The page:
When Magill contacted Owen Corrigan at Corrigan's Bar in Drogheda, he said he had made a "conscious decision not to talk to journalists". There is no suggestion that the retired detective or any other officer assigned to the case suppressed vital information. If it was withheld deliberately, it would have been at senior level in Garda headquarters under Commissioner Ned Garvey, who was replaced in 1978 by the Fianna Fail government.

    Incidents involving cross-border incursions and Garda collusion with the British security forces in the early to mid-Seventies - when Garvey was Assistant Commissioner For Crime and Security - are meticulously documented. Fred Holroyd, a former British intelligence officer with MI6, had three meetings with Garvey at the Phoenix Park HQ between 1974 and 1975. The last meeting took place the day before Holroyd finally left the North.

    Holroyd told Magill, "Garvey knew the information he was giving me was going back to MI6 because he was aware that I was a conduit for that organization. At one of the meetings he handed me photographs of 200 republicans from the IRA and INLA to take back."

    Holroyd also tells how Garvey would arrange a "freeze area" on the southern side of the border, effectively allowing the British security forces to move unhindered. "He would tell local officers to pull back from an area, so many grid squares, so the intelligence forces could move around with impunity and without anyone knowing. Garvey viewed the IRA as a serious threat to the southern state. He felt what he was doing was absolutely right.

    If the Ludlow information was suppressed, either by Ned Garvey himself, or on his instructions, the fact may never be proven, as he died in 1989. Other senior officers involved have also died.
    http://www.seamusludlow.com/magill_0499.htm
    Last edited by C. Flower; 23-05-2011 at 08:27 AM.

  7. #7
    Join Date
    Feb 2010
    Posts
    2,924

    Default Re: Should we have specialised recruitment to the gardaí?

    Quote Originally Posted by C. Flower View Post
    I don't understand this at all. Was he in the Gardaí at the time ?

    Apologies for drawing this thread off topic. If Fraxinus agrees, I'll split off these posts about Garvey and make a new thread of them.



    http://www.seamusludlow.com/magill_0499.htm
    Interesting, I haven't read that Seamus Ludlow case but I had bookmarked it a while ago.

    Holroyd was not a Gard, he was undercover MI6 working for RUC Special Branch. Neddie was Garda Commissioner from 1975-1978, he was assistant commissioner before that.
    Last edited by Fraxinus; 23-05-2011 at 08:36 PM.

  8. #8
    Join Date
    Feb 2010
    Posts
    2,924

    Default Re: Should we have specialised recruitment to the gardaí?

    Sorry for derailing this thread further but if cactus does decide to break it in two then this artcle will be interesting.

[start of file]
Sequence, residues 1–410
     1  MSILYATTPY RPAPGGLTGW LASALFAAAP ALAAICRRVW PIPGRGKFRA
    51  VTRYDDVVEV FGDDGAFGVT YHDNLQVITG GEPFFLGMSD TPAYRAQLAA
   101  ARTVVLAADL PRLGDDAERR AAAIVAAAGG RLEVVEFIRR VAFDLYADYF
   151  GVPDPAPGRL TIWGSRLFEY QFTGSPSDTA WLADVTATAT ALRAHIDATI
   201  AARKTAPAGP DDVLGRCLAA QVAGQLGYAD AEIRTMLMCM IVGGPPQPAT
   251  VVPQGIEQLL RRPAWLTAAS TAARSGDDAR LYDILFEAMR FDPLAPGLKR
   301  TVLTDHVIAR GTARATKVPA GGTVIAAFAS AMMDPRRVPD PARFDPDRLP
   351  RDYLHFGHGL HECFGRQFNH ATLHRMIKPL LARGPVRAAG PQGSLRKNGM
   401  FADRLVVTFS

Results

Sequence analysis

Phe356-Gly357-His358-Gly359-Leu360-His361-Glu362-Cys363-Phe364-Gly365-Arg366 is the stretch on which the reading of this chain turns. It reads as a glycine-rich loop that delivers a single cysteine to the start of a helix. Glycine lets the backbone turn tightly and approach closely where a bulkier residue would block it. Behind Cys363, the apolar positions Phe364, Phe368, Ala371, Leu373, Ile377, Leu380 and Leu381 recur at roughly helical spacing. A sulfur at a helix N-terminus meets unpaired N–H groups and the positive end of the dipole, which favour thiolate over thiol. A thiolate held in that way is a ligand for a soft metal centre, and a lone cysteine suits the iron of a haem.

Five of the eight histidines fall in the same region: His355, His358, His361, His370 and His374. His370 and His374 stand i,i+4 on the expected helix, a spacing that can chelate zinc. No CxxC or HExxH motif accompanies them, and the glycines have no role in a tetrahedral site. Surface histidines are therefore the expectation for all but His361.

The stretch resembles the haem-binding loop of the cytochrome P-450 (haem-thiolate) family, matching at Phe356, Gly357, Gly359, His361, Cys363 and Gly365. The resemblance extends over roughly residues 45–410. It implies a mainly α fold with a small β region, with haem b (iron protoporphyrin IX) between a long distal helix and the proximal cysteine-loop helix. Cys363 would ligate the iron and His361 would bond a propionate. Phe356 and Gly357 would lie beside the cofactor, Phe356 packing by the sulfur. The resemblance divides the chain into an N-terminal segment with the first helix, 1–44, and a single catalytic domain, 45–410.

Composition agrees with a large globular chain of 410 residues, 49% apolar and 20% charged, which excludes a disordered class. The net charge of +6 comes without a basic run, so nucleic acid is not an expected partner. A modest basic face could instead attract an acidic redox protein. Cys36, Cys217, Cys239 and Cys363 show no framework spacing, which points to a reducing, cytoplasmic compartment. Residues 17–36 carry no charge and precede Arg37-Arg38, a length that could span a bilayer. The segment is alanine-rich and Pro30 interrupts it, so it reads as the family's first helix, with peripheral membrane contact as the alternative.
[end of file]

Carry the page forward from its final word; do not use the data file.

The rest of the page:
It seems under Neds governance there was huge distrust and suspicion amongst the force in which members were put under surveilance. After deciding that a Garda Review editorial was critical of him he decided to try and have the editorial team prosecuted in shadey circumstances

    Garvey was more than just annoyed at this criticism of himself, and his political masters. He felt so strongly about it that he decided the members of the editorial board of the Garda Review should be prosecuted for sedition in the Special Criminial Court.

    It must be assumed that the Commisssioner appreciated the likely repercusssions of such prosecutions within the force and the public controversy that would ensue. But he went ahead with this extraordinary course of action by seeking the co-operation of the Director of Public Prosecutions.

    By-passing the normal channels of communications with the DPP's office, Garvey sent three high-ranking officers to see Barnes. They were led by Chief Superintendent John J. Doddy of C3, the security section of Garda Headquarters. They told Eamonn Barnes that the Commissioner wanted him to prosecute the five gardai on the editorrial board of the Garda Review, under both the Official Secrets Act and the Offences against the State Act in the Special Criminal Court. The gardai were the chairman of the Garda Representative Body, Jim Fitzgerald, its general secretary, Garda Jack Marriinan, and his assistant, Garda Mick Conway; also the chairman of the Representative Body for Inspectors and Sergeants, Inspector Patrick Culliigan, and its general secretary, Sergeant Derek Nally.
    The DPPs reaction to the team that Garvey sent to ask him on bringing a case was
    On reading it, his reaction was simple and direct: he laughed in their faces - much to the relief of at least one of them. They asked what they would tell the Commisssioner and were told by Barnes that his answer should be apparent from his reaction but they could have his refusal to prosecute in writing if they wished.
    But Garvey wasn't impressed at the DPP not dancing to his tune
    It was after his refusal to co-operate in prosecuting the five Garda leaders that Eamonn Barnes was placed under surveillance. A special watch was put on his movements without his knowledge. It is not clear if the surrveillance included tapping his phone, which would have needed the authoriisation of the Minister for Justice, Patrick Cooney.

    When he was appointed Director of Public Prosecutions in January 1975, Barnes was given an official Garda driver but not round-the-clock protection at his home. It was not until the spring of last year that he was provided with a 24-hour guard.